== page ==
The University of Virginia Board of Visitors this week will consider a 2015-16 academic year tuition proposal that advances strategic priorities while maintaining U.Va.’s position as one of higher education’s best values.
Under the proposal, undergraduate tuition and required fees for Virginia residents would increase by 3.6 percent, or $470, from $12,998 to $13,468. The corresponding rate for out-of-state students would increase by 3.7 percent. The total price of education for an in-state student – including tuition, fees, room, board, books and travel – would increase by 3.3 percent, or $895, to $27,963, compared to $27,068 in the current academic year. For a non-Virginian, the price of a U.Va. education would increase by 3.5 percent.
“This proposal was crafted to maintain affordability and access, while enhancing academic excellence,” President Teresa A. Sullivan said. “Accomplishing those goals requires a thoughtful balance of limited resources, rising costs and, more than ever, creative financial solutions. We have also asked the board to consider raising the payout from our endowment as an additional resource instead of relying solely on tuition.”
The board will consider the proposal at its meeting Tuesday and Wednesday.
U.Va. will continue its commitment to meet 100 percent of demonstrated financial need of all undergraduates, and to make offers of admission with no consideration of a student’s financial situation. The University is one of only two public institutions in the country to operate admission on such a “need-blind” basis while also meeting all financial need of both in-state and out-of-state students. About 34 percent of undergraduates are projected to demonstrate financial need.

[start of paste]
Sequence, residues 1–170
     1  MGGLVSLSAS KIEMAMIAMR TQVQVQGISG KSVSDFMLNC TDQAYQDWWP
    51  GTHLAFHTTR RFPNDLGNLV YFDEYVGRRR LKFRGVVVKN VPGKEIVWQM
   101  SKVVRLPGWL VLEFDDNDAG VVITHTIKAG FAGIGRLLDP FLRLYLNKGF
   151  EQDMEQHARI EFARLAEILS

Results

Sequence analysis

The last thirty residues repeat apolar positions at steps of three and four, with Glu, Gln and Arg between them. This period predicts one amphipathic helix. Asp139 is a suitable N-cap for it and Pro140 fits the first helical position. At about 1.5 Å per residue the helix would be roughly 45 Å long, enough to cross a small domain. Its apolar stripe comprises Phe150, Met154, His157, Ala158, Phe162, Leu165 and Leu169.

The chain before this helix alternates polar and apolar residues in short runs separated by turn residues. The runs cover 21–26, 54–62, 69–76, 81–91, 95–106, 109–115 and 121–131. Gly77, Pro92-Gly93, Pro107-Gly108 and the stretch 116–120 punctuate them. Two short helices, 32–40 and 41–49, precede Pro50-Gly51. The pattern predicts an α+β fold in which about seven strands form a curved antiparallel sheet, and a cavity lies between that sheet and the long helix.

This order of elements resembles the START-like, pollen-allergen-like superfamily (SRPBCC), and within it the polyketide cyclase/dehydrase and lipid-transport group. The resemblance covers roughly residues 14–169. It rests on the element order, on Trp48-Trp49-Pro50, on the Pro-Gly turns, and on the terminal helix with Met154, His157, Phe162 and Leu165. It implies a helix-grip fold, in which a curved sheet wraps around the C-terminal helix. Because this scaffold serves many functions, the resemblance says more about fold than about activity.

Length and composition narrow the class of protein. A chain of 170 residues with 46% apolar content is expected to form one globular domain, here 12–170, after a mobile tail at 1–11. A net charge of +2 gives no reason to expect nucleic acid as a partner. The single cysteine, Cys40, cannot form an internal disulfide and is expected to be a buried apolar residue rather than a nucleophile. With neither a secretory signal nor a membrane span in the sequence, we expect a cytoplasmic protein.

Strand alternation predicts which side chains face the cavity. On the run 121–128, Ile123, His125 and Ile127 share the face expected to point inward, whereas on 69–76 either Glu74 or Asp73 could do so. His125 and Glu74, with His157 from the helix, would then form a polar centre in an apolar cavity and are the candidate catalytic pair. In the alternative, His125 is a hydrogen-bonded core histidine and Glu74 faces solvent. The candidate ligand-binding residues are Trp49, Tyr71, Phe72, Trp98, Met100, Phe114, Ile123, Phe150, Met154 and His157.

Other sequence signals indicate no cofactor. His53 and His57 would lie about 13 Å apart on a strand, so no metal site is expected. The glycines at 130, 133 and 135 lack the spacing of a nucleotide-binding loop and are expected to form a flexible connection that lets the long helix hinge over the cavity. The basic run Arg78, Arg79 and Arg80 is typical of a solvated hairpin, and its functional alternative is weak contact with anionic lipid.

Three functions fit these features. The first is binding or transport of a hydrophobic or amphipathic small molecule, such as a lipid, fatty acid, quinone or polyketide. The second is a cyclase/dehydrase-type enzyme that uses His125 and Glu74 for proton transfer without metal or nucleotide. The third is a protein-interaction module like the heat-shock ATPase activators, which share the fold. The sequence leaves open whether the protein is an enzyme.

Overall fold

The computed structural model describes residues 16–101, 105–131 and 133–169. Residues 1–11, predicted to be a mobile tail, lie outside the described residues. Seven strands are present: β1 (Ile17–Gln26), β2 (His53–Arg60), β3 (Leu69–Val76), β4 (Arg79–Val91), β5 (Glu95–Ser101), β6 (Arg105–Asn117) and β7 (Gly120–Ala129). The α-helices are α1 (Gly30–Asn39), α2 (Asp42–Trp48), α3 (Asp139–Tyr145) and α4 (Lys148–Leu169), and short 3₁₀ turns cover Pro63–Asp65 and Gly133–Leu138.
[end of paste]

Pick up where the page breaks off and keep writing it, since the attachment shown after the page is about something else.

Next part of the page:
The University consistently earns national recognition for the quality and value of its education for high-achieving students. The Princeton Review this year listed U.Va. as the nation’s top public school for affordability, academics and career prospects. U.S. News & World Report rates U.Va. as the No. 2 public university in the nation, while Kiplinger’s Personal Finance magazine has rated the University as the nation’s No. 2 best value among public universities for three straight years.
Compared with the current academic year, the University faces an incremental increase of about $34 million in operating requirements and other expenditures, which must be met using a variety of sources, including endowment distribution, savings, and, as a last resort, tuition revenue.
Following the approval of tuition rates for the current academic year, the General Assembly reduced budget allocations to Virginia public colleges and universities in response to emerging state budget restrictions. That meant U.Va. was forced to absorb an $8.2 million mid-year reduction.
This year, the legislature increased funding for higher-education enrollment increases, but the state budget also brings higher costs to state agencies for faculty and staff pay increases, and higher mandatory contributions to the Virginia Retirement System, totaling an estimated $9.8 million.
The University also is investing $1.3 million in a multiyear plan to enhance the University Library’s electronic and print resources, as well as $2.7 million in enhanced safety and student support initiatives. The latter initiatives include additional counselors at the Maxine Platzer Lynn Women’s Center, sexual assault and safety education programs, upgrades to the University’s camera system, additional police officers, establishment of the Corner police substation and the operation of the “Ambassadors” program.
The University proposal creates a contingency in the event the federal Department of Education concludes the Perkins Loan program. Such a move would require an investment of $3.5 million in University funds to ensure U.Va. continues to meet 100 percent of demonstrated financial need of all students.
“The proposal reflects a concerted effort to carefully allocate limited resources and support strategies and initiatives that improve the student experience and sustain the value of a U.Va. education,” Executive Vice President and Chief Operating Officer Patrick D. Hogan said.
For Virginia residents attending the University of Virginia’s College at Wise, the proposal also recommends an increase of 4 percent, or $352, in tuition and mandatory fees.